Edgar Allan Poe is getting a spiffy new look for his birthday this year.
The statue at the University of Baltimore plaza that depicts the iconic poet and author, who spent his last days in Charm City, is getting years of corrosion taken off, to restore him to his gleaming black self. And just in time, too—today he would have turned 207.
The restoration is the work of conservator Kenya Brown, a Baltimore native who first grew to love Poe in middle school when she did a dramatic reading of his classic short story “The Tell-Tale Heart.” She says she first noticed how green he had become after walking on Mount Royal Avenue during last summer’s Artscape festival, and remarked to her fiancé, “Gosh, he really needs some work.”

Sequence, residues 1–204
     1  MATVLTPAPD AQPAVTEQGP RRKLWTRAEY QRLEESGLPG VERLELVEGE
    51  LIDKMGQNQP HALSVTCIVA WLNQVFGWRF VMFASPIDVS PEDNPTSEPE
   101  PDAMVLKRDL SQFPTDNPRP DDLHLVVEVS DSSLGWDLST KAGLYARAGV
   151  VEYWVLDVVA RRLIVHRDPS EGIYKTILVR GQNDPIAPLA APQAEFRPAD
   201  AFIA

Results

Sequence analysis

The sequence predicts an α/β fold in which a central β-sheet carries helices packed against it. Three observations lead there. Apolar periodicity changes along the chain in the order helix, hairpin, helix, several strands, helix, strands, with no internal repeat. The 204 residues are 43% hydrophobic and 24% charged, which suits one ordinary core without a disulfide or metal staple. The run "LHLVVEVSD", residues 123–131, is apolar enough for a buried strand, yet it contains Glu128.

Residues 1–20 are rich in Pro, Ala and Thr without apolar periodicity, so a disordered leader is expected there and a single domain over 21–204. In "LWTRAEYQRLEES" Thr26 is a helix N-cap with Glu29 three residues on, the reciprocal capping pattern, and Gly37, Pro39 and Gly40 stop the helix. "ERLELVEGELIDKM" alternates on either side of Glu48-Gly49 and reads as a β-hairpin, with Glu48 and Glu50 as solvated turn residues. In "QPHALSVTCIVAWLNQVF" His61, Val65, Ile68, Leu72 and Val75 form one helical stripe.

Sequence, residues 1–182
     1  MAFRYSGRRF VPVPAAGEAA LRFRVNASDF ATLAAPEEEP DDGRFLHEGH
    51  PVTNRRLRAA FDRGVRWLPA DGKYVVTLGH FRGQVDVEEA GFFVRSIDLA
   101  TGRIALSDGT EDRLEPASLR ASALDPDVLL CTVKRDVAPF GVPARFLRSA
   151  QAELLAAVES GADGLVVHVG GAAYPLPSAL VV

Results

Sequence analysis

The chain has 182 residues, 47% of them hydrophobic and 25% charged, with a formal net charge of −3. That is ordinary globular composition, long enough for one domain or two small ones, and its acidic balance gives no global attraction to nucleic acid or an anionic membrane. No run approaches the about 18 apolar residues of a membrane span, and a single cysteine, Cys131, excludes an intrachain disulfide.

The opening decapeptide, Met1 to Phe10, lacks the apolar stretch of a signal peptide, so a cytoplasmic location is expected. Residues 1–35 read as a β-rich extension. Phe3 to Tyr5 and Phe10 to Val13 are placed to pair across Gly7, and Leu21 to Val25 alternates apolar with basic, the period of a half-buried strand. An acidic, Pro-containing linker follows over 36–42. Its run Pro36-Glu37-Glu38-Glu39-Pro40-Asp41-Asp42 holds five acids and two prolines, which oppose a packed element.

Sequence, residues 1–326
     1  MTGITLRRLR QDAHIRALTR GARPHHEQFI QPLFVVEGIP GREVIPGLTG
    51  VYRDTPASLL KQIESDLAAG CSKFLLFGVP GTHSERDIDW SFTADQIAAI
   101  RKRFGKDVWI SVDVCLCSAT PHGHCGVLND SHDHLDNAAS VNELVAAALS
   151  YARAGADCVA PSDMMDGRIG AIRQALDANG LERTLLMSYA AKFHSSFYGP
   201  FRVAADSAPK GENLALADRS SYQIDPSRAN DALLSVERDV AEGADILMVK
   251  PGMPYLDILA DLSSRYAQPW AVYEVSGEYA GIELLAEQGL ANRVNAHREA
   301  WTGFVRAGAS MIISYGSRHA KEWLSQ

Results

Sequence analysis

After seeing the statue months later in the same shape, she called the University of Baltimore, and they contracted her to restore it. Brown says the greenish hue is the result of sulfates and nitrates from car exhaust—the Jones Falls Expressway is nearby—and the salt air from the harbor.
“Once it gets under the skin of the metal, it causes corrosion, “ she says.
Brown is using the compound potassium sulfate to clean Poe up, then she’ll give the statue a coating that will keep the corrosion from coming back so quickly. She started work on Jan. 4, and if you want to catch her in action, make sure you stop by the campus this week—she’s hoping to wrap up work by Friday.